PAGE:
Medical workers are being sent "in case this were to a go in a way that no one wants," Palmer said. Law enforcers are "preparing for the worst," she said.
"Within the religion that we have encountered, their place of worship is very special to them," Palmer said. "It appears to be of great concern to them if a person from outside their congregation even attempts to step inside their place of worship."
A search warrant authorized troopers to enter the retreat, run by the Fundamentalist Church of Jesus Christ of Latter Day Saints. They are looking for evidence of a marriage between the girl and a 50-year-old man.
Court documents the girl had a baby eight months ago, when she was 15.
State welfare officials on Friday removed 52 girls from the compound. Marleigh Meisner, a spokeswoman for Child Protective Services, said another 131 residents were removed overnight. By Saturday afternoon, 137 children and 46 women were being housed and interviewed at local community centers.
"They seem to be doing fine," Meisner told The Associated Press.
The whereabouts of the 16-year-old mother who sparked the investigation are unknown, Meisner said. State troopers who raided the religious retreat were looking for the girl, her baby girl and 50-year-old Dale Barlow.
Under Texas law, girls younger than 16 cannot marry, even with parental approval.
Officials in Texas declined to comment Saturday on whether they had found Barlow, citing a gag order, but the man's probation officer told The Salt Lake Tribune that he was in Arizona.
"He said the authorities had called him (in Colorado City, Ariz.) and some girl had accused him of assaulting her and he didn't even know who she was," said Bill Loader, a probation officer in Arizona.
Barlow was sentenced to jail time last year after pleading no contest to conspiracy to commit sexual conduct with a minor. He was also ordered to register as a sex offender for three years while he is on probation.
His lawyer in that case, Bruce Griffen, said he had not spoken to Barlow in a year.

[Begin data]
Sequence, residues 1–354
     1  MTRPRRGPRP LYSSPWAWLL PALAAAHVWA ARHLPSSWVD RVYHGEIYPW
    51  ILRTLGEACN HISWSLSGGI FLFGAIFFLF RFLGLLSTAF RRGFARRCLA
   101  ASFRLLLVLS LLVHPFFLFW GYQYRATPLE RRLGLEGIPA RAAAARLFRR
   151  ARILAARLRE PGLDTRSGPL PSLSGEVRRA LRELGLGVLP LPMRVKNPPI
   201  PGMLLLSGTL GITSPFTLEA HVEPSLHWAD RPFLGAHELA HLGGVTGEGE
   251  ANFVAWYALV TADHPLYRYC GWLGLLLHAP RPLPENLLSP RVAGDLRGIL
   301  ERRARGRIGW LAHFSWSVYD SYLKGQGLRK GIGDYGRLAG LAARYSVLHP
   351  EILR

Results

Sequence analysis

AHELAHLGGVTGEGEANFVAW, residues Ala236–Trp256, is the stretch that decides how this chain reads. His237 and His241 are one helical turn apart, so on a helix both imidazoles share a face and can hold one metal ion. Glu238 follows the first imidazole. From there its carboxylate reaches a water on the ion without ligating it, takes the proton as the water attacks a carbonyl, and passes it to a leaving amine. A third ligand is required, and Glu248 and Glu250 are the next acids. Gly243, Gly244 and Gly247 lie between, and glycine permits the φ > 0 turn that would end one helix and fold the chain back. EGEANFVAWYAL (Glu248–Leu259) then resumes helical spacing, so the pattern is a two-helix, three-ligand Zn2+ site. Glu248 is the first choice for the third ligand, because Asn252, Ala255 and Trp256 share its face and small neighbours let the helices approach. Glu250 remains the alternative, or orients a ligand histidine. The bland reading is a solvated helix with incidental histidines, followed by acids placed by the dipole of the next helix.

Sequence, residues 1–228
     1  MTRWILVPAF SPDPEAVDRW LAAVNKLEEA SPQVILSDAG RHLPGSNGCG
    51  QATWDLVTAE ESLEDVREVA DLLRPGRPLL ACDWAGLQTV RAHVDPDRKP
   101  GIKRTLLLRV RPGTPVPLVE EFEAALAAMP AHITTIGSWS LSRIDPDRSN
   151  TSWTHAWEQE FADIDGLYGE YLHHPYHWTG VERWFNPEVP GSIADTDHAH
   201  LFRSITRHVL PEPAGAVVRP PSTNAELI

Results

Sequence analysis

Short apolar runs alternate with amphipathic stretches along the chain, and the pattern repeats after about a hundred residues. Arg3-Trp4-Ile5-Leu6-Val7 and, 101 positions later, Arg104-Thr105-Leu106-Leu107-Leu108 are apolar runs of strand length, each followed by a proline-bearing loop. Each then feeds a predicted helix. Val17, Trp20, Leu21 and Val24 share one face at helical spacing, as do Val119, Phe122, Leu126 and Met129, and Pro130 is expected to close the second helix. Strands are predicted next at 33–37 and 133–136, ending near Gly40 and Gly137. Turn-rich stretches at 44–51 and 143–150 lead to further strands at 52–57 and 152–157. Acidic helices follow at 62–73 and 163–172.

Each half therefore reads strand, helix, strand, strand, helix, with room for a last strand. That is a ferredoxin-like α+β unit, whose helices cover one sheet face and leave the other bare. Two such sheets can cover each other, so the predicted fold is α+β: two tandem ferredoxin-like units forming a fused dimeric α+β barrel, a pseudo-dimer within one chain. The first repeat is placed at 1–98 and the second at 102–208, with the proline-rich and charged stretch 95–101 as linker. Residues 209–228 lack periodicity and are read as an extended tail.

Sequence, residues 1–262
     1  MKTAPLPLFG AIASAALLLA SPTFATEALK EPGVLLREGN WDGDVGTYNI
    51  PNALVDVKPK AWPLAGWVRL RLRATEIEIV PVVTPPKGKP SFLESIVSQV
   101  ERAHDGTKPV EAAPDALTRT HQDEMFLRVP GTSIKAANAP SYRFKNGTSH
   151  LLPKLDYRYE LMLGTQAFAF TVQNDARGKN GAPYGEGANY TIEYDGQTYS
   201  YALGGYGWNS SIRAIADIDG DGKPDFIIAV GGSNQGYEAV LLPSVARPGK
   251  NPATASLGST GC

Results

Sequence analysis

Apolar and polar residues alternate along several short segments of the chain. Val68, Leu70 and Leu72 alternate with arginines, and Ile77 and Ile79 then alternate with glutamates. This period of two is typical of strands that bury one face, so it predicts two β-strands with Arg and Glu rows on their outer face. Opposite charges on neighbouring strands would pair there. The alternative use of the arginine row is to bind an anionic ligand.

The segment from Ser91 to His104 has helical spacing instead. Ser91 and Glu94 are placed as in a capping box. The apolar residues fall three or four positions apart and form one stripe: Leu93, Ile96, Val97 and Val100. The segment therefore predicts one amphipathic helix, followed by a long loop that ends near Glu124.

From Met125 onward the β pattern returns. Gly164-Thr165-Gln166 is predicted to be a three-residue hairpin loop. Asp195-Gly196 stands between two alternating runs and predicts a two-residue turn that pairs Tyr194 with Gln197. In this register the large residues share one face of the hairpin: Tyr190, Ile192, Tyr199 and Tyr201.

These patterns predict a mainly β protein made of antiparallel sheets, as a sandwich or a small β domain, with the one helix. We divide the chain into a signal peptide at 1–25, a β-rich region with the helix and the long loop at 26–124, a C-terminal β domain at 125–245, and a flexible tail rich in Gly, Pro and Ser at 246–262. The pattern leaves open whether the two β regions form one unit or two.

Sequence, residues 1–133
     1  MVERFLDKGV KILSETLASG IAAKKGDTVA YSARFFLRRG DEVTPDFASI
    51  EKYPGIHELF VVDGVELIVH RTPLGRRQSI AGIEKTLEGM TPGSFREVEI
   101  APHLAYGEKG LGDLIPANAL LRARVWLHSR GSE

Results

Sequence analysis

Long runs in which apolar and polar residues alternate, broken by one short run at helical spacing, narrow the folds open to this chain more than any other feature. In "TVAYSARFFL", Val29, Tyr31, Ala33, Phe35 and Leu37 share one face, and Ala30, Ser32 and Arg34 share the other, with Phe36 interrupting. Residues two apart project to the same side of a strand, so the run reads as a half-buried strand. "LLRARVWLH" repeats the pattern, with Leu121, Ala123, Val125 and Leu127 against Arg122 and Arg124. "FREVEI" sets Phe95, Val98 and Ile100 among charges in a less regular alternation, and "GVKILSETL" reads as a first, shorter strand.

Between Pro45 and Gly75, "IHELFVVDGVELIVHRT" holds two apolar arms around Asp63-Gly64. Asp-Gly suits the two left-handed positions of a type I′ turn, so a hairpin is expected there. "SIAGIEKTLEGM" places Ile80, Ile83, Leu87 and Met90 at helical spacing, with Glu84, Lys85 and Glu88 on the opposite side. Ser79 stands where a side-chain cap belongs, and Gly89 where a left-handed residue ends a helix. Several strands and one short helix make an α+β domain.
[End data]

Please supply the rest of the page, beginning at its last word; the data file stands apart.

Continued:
The search warrant instructed officers to look for marriage records or other evidence linking her to the man and the baby. The warrant authorized the seizure of computer drives, CDs, DVDs or photos.
Those inside the retreat did not respond to requests for comment.
The Fundamentalist Church of Jesus Christ of Latter Day Saints broke away from the Mormon church after the latter disavowed polygamy more than a century ago.
The compound sits down a narrow paved road and behind a hill that shields it almost entirely from view in town. Only the 80-foot-high, gleaming white temple can be seen on the horizon. Authorities blocked access to the gate, keeping onlookers miles away.
The 1,700-acre property had been an exotic game ranch. It is surrounded by dusty, wind-swept land where sheep are raised and mohair produced.
Eldorado is a two-stoplight town of fewer than 2,000 people and located nearly 200 miles northwest of San Antonio. It consists of a cluster of government buildings, a couple churches and a few blocks of houses.
State officials said they did not know how many people lived at the retreat, although local officials estimated about 150 two years ago.
The FLDS has been led by Warren Jeffs since his father died in 2002. In November, Jeffs was sentenced to two consecutive sentences of five years to life in prison in Utah for being an accomplice to the rape of a 14-year-old girl who wed her cousin in an arranged marriage in 2001.
In Arizona, Jeffs is charged as an accomplice with four counts each of incest and sexual conduct with a minor stemming from two arranged marriages between teenage girls and their older male relatives. He is jailed in Kingman, Ariz., awaiting trial.